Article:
According to data; in Lewisham 1 in 3 children are living in poverty, which means that 9,197 children are currently living in a low-income household. Due to the recent pandemic and lockdown restrictions, this has had a huge effect on Lewisham schools.
The lockdown restrictions have caused schools around Lewisham to close, causing children to have to stay at home. This has put a huge amount of pressure on staff and the schools in general.
Due to the high number of children living in poverty, many of the affected children are claiming free school meals. The influx of demand for food provision has mounted pressure on parents and school staff alike because they must arrange meals, whilst still maintaining support for young people.
Chris Barnham, Cabinet member for children services and school improvement in Lewisham, said: “The government’s U-turn on closing schools to most pupils has placed a huge amount of pressure on teachers and school staff who are working incredibly hard to continue to support young people through these uncertain times.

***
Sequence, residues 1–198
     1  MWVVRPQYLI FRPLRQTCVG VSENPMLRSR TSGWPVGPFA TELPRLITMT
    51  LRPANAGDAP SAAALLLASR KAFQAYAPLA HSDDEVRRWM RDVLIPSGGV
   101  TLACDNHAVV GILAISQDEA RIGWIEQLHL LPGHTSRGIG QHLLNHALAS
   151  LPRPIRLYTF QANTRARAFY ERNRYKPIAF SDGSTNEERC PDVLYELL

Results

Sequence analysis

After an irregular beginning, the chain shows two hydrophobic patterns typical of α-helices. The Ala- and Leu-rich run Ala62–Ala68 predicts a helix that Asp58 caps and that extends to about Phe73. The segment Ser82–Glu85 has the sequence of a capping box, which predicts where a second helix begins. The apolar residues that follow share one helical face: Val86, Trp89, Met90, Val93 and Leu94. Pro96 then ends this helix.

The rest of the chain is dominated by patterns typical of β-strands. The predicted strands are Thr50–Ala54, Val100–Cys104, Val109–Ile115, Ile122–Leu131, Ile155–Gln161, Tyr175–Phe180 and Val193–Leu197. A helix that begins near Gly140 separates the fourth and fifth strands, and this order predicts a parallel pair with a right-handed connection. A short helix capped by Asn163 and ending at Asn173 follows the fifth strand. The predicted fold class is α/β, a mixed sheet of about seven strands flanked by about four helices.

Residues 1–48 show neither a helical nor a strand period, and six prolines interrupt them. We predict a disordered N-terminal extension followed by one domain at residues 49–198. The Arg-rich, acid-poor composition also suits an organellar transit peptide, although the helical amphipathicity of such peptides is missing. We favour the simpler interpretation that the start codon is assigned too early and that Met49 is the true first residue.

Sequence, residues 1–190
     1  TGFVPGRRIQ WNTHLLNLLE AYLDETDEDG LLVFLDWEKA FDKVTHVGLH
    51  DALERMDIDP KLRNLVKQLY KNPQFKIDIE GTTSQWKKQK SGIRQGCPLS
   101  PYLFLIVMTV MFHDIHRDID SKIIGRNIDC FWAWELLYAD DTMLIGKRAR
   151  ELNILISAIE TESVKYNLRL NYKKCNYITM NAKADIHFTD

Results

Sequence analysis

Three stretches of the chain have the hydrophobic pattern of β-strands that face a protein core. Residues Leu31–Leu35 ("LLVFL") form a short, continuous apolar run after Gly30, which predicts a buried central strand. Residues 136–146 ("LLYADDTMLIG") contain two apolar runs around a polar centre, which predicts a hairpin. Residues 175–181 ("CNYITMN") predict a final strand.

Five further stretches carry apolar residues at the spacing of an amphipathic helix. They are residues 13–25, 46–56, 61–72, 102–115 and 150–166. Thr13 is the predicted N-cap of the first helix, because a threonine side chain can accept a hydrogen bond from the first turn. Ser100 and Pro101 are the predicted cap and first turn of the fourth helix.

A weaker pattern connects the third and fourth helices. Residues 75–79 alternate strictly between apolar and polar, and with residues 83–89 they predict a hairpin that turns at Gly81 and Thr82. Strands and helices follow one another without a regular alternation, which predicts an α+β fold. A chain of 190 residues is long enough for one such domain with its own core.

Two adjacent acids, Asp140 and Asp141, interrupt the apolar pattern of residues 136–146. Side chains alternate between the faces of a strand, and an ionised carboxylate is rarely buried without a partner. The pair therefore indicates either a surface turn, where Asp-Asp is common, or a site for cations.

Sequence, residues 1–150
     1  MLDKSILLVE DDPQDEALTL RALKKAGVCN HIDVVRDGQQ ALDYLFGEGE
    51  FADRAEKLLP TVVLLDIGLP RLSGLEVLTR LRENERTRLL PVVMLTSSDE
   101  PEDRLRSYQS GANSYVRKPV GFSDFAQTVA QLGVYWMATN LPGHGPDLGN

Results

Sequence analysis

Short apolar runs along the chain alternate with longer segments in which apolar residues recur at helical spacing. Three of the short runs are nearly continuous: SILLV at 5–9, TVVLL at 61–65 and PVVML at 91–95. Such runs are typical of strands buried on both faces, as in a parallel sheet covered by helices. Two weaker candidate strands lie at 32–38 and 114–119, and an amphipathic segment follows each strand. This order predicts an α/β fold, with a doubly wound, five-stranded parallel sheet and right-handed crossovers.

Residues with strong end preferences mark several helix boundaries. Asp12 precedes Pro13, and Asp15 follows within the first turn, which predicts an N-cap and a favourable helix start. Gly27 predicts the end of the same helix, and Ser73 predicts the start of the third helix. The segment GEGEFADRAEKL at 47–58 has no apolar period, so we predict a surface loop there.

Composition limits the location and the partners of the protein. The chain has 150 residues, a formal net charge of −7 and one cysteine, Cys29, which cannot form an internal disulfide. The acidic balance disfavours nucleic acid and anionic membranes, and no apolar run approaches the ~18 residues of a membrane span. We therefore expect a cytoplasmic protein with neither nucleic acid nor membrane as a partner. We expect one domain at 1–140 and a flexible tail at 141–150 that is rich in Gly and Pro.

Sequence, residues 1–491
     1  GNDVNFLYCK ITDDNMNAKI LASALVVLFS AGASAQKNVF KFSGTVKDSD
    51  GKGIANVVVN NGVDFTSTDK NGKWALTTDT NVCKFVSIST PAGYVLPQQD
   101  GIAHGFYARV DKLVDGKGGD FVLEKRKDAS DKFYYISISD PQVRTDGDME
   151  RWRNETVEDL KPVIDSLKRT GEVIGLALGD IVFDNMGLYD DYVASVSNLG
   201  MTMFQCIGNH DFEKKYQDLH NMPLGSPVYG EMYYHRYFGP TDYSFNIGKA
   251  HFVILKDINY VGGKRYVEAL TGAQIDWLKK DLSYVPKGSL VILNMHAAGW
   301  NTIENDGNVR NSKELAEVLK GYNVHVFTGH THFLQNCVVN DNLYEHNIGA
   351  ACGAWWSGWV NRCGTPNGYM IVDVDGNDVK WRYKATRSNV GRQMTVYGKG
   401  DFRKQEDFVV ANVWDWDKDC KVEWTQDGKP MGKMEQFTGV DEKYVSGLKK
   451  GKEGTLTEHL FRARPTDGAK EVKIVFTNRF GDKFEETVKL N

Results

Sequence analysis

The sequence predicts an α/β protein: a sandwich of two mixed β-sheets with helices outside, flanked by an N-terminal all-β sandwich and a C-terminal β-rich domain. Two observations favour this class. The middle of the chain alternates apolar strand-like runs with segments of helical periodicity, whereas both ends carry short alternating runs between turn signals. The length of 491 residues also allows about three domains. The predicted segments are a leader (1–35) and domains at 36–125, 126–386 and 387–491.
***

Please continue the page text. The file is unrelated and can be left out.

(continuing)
“They have been forced to act quickly to arrange food, via their contractors, for those who will miss out on a free school meal during this time, on top of the other urgent tasks such as organising remote learning.”
The government have been heavily criticised over the adequacy of the meals provided for children. Parents have complained about the quality and the amount of food provided via social media.
Last night Tory MPs abstained on our motion to guarantee that every child gets the full value of free school meals.
They abstained on profiteering private companies making money from kids going hungry.
They abstained on our children going hungry again during Feburary half term. pic.twitter.com/pNNqtBxgjJ
— Angela Rayner 😷 (@AngelaRayner) January 19, 2021
Cabinet member Chris Barnham said: “I’ve had no such complaints in relation to Lewisham schools, but I don’t think hampers are an ideal substitute for the meals children would usually receive at school.”
Lewisham schools are beginning to provide vouchers, rather than pre-arranged meals. This allows flexibility and more choice, whilst also removing some of the pressure on school staff to focus on remote learning.